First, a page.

Not all fruits and vegetables are created equal. They come in a wide variety of shapes, colors and flavors: red, green, leafy, juicy, sweet, bitter, weird ones that you can’t identify. But a new study suggests that different produce items can also have dramatically different effects on weight loss.
The study, conducted by researchers at Harvard, looked at diet information for 117,918 people during four-year intervals over 24 years, starting in the participants’ 30s and 40s. Though increasing daily servings of fruits and vegetables led to weight loss across the board, some specific foods correlated better with weight loss than others.
For instance, though increased fruit consumption led to an average weight loss of .53 pounds per additional daily serving over a four-year period, eating more berries specifically led to over a pound of weight loss. Apples and pears had a similar effect, causing weight dips of 1.24 pounds per extra daily serving.
When it came to vegetables, tofu/soy and cauliflower were two of the biggest stars. Though increasing vegetables overall led to about a quarter-pound of weight loss per daily serving, bulking up on tofu/soy caused the average person to drop nearly 2.5 pounds, and cauliflower led to 1.37 pounds of weight loss. Meanwhile, other vegetables did more harm than good. “Increased intake of starchy vegetables, including corn, peas, and potatoes, was associated with weight gain,” the study stated.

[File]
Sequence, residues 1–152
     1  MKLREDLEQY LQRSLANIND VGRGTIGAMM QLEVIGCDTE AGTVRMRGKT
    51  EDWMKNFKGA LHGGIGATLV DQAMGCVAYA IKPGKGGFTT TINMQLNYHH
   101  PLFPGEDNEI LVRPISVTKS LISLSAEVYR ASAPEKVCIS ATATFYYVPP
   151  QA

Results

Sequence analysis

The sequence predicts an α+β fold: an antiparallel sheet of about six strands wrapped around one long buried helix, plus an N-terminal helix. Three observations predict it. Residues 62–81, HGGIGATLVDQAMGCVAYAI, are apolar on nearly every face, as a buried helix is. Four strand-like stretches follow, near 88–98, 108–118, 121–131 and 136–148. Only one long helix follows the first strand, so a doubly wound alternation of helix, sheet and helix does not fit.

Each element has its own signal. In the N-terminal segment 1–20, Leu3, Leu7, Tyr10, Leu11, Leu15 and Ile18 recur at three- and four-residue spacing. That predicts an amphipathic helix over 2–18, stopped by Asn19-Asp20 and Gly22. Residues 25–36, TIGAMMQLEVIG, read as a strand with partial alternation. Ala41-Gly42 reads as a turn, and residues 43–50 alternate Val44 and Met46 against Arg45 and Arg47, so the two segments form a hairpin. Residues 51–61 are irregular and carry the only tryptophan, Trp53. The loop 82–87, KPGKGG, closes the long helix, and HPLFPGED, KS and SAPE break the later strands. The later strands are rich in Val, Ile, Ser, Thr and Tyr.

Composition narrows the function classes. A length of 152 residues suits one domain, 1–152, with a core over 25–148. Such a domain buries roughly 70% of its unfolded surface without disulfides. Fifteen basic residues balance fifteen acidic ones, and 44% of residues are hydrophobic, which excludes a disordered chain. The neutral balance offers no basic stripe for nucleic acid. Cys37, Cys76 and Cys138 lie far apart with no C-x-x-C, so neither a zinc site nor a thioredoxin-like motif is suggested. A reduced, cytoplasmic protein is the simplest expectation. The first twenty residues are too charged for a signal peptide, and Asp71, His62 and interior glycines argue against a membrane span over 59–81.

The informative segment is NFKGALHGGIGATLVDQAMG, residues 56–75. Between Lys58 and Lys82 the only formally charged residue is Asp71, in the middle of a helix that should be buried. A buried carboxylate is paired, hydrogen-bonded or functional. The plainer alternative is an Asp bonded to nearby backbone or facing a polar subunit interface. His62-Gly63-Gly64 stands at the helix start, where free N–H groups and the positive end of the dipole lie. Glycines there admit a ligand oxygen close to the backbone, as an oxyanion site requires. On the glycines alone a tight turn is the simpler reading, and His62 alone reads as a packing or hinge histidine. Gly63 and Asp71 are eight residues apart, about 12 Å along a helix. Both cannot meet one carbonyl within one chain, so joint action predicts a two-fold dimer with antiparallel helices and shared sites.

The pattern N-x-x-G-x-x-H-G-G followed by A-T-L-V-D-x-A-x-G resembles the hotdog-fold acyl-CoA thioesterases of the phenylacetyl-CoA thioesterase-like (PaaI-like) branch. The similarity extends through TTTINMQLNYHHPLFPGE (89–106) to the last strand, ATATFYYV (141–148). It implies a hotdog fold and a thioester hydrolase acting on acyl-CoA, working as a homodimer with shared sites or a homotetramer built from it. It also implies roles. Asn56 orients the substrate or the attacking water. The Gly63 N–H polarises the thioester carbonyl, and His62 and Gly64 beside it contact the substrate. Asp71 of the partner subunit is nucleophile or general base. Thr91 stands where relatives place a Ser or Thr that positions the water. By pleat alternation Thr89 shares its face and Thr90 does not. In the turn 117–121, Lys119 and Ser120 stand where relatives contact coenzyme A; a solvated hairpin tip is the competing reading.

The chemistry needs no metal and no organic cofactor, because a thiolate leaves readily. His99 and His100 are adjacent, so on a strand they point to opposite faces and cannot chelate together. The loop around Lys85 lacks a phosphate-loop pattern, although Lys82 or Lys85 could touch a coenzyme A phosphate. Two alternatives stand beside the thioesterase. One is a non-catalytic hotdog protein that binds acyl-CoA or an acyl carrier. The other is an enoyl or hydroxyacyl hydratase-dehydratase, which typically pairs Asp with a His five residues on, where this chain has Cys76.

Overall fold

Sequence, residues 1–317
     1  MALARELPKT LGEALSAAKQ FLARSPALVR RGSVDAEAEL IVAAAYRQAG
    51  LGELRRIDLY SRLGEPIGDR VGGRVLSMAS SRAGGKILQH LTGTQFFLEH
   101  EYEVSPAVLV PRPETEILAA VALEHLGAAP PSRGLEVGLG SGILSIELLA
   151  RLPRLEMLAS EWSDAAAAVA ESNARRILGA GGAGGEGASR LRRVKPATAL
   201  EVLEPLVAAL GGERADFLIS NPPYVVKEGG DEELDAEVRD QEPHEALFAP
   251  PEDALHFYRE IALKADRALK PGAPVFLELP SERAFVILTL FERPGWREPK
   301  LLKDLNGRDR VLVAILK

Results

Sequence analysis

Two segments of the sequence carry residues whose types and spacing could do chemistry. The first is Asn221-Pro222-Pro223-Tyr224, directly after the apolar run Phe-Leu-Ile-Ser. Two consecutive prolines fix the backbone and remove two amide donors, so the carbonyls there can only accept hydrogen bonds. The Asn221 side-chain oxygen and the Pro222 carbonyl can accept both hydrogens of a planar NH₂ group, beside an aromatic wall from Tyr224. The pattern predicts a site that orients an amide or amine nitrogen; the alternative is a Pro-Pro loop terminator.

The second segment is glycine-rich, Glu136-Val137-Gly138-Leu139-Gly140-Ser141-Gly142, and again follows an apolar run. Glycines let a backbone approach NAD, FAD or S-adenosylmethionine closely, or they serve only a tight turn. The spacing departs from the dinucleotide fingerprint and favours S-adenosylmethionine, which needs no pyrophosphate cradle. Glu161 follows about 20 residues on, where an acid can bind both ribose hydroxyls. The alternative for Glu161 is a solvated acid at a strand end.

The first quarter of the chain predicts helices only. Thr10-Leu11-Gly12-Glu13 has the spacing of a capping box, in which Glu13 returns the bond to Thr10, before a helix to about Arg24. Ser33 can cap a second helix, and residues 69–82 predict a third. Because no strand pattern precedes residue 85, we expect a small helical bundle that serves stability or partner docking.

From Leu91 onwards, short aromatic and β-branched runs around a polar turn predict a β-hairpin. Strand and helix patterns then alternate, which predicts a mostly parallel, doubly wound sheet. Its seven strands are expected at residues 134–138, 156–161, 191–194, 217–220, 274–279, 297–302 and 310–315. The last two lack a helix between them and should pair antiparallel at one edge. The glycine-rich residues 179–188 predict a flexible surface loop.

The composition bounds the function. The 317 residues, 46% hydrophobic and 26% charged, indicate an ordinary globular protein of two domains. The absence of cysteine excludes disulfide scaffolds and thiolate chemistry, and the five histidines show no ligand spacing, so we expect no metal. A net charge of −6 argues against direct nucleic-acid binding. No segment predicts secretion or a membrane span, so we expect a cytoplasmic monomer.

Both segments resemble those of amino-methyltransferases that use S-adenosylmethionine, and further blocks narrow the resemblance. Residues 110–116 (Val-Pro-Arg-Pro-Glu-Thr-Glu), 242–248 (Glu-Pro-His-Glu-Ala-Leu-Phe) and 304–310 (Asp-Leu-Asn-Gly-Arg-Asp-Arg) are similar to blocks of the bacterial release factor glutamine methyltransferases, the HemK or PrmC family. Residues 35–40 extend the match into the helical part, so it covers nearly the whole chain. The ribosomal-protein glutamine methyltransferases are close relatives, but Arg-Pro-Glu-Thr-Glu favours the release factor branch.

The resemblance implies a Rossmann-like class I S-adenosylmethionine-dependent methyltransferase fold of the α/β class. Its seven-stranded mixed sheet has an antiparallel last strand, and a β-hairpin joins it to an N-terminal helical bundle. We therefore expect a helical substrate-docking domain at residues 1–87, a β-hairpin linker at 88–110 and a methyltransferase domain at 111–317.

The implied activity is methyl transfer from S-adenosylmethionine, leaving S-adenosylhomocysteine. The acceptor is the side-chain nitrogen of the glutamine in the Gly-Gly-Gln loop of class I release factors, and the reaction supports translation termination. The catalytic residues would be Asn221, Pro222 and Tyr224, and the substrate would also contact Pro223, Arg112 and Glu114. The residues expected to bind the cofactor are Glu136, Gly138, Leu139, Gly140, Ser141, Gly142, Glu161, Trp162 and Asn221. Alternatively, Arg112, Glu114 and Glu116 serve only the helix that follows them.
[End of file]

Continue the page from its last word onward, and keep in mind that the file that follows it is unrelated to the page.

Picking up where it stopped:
“There are many fruits and vegetables that may be better choices—apples, pears, berries and nonstarchy vegetables,” lead author Monica L. Bertoia told the New York Times.
The findings provide an interesting new insight into how what you eat affects your weight. And if I’m doing my math right, it also shows that if you eat just 40 additional servings of tofu every day, you could lose 100 pounds in four years. Right?